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Watchdog raps newspaper for claiming gunman refused to apologise

The press watchdog has rapped a newspaper for wrongly reporting that a convicted gunman had refused to apologise to the victims of a massacre.

The Independent Press Standards Organisation has upheld a complaint against Sunday Life after it claimed Denis Paisley refused to say sorry to the families of the victims of a 1992 attack at a Belfast bookmakers.

Five people were murdered in the massacre and seven others were injured when two masked Ulster Defence Association gunmen opened fire in Sean Graham’s bookmakers.

Mr Paisley complained to IPSO after the Belfast-based paper covered a recent Police Ombudsman report which considered the investigations by police into a number of attacks, including the one on the betting shop.

Sunday Life IPSO

The story focused on Mr Paisley, who Sunday Life believed featured heavily in the report, under a cipher, detailing his previous conviction for possessing a weapon used in the incident.

The paper reported that he had “refused to answer when our reporter asked if he would apologise to the families of the Sean Graham victims” but Mr Paisley claimed the reporter had not actually asked him whether he wished to do so.

Complaining under Clause 1 (Accuracy), Clause 2 (Privacy), Clause 3 (Harassment) and Clause 10 (Clandestine devices and subterfuge) of the Editors’ Code of Practice, Mr Paisley told IPSO he had never been asked to apologise for the atrocity prior to the approach from the journalist, because his conviction for possession of the weapon was nothing to do with the incident.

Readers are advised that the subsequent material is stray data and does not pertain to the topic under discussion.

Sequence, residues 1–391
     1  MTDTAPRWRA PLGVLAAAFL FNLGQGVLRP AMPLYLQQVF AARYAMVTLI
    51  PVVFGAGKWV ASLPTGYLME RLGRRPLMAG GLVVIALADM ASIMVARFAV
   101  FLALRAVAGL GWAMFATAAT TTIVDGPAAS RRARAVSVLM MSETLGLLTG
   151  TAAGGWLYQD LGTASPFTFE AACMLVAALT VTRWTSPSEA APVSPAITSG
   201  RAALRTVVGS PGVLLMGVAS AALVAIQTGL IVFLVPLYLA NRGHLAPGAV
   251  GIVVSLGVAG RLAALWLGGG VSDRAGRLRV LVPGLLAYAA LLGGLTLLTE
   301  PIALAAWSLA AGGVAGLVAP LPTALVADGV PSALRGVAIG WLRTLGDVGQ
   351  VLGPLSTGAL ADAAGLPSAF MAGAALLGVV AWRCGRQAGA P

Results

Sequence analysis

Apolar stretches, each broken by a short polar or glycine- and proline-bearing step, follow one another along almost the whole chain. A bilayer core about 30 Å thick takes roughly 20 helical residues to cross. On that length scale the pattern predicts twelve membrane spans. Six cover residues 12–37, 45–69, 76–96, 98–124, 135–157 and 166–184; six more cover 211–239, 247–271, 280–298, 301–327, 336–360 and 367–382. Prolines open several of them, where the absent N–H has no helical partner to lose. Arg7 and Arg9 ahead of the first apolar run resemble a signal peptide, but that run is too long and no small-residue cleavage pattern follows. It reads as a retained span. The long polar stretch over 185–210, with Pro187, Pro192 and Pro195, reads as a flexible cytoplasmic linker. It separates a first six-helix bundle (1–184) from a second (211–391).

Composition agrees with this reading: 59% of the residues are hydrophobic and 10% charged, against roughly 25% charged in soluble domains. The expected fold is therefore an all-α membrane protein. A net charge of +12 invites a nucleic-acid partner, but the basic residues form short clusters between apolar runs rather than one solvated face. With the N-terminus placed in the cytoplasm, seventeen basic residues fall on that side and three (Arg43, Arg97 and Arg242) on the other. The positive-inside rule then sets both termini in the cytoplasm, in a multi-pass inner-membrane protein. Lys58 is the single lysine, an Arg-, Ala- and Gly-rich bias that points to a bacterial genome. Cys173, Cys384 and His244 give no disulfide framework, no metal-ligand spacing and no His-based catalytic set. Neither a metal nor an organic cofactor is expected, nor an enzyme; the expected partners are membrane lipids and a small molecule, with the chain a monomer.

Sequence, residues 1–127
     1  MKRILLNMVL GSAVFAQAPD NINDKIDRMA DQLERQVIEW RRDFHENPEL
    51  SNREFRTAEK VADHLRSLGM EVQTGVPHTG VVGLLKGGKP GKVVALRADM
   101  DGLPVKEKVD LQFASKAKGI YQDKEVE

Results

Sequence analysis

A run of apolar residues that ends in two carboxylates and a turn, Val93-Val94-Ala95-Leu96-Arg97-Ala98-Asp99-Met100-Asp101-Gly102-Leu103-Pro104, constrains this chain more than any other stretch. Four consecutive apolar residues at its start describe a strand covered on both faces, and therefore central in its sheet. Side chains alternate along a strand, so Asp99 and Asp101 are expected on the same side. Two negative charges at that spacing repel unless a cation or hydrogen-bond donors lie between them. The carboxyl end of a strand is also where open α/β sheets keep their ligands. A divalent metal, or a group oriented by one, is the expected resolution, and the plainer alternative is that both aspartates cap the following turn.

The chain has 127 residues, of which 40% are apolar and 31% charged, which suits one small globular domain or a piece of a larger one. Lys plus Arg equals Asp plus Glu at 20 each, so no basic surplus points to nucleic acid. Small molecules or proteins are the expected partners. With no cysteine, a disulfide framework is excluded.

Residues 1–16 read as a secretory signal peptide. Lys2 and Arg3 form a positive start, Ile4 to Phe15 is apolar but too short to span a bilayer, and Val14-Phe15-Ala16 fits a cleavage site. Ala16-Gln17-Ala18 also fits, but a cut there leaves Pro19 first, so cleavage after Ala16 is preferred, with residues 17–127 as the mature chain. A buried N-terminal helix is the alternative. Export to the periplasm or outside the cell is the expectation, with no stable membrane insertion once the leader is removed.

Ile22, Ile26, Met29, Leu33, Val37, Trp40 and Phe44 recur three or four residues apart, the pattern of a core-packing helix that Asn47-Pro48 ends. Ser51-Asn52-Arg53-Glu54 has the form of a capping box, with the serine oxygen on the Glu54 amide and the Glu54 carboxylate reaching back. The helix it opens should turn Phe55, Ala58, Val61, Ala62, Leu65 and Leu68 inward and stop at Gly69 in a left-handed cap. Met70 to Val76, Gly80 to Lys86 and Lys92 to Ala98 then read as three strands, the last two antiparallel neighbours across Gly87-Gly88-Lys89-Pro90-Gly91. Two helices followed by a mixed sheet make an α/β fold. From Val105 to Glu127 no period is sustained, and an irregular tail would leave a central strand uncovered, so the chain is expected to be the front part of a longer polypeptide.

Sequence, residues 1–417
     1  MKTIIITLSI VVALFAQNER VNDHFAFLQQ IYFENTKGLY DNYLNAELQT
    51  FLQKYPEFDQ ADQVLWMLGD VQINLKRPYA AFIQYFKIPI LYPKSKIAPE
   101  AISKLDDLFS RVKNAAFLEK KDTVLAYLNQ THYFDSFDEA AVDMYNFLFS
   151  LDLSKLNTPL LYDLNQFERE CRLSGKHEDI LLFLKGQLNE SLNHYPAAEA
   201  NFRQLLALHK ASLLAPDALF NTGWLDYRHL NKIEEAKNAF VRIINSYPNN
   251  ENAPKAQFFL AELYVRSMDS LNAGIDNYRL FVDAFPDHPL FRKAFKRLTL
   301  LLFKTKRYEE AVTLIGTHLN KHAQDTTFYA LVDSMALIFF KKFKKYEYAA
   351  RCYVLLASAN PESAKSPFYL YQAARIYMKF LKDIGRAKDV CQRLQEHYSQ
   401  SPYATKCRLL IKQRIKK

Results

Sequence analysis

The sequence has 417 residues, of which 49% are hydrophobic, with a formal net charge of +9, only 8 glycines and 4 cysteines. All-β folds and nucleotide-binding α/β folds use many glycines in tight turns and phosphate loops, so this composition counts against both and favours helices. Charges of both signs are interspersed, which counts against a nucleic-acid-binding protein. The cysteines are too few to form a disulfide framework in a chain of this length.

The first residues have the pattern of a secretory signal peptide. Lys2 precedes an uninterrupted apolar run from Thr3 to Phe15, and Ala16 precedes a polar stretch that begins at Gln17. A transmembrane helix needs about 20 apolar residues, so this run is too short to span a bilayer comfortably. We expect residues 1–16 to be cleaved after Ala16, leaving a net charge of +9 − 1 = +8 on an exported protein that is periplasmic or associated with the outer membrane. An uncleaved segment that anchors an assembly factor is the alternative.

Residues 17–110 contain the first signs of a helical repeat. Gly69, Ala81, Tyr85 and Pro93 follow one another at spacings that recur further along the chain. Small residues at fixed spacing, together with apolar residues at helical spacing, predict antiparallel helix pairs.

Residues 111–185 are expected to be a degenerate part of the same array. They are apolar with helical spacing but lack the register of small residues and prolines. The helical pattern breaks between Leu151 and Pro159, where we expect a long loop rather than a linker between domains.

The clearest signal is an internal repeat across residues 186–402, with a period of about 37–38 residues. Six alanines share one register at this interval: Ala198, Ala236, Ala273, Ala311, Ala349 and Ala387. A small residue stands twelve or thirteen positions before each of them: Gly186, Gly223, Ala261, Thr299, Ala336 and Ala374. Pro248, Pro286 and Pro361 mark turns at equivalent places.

He provided an account of the exchange with the journalist and said the conversation ended when he made clear he did not wish to comment, either directly or through a solicitor, and then closed the door.

Denying any breach of Code, Sunday Life said the journalist had recorded the exchange at the doorstep – which had lasted for one-and-a-half minutes – for accuracy purposes, and provided a copy of the recording to IPSO which it said demonstrated the journalist was polite and gave Mr Paisley an opportunity to respond to his questions.

The newspaper said the journalist had given him ample opportunity to apologise for his association with the incident, or to sympathise with the families of the victims, but instead he had repeated that he did not wish to say anything.

IPSO found the recording of the exchange confirmed that the journalist had asked whether Mr Paisley had anything to say to the families of the victims, to which he had said he had no comment.

However the journalist did not expressly ask whether he wished to apologise to the families and it was therefore inaccurate to report that Mr Paisley had refused to apologise.

The distinction between declining to provide a comment and refusing to apologise was significant given that it might be construed as indicating Mr Paisley’s attitude toward the families of the victims and the incident more generally, IPSO ruled.

It concluded that misreporting the exchange, particularly when a recording was available, amounted to a failure to take care not to publish inaccurate information. No other breaches of Code were found.

The complaint was partially upheld under Clause 1, and the full adjudication can be read here.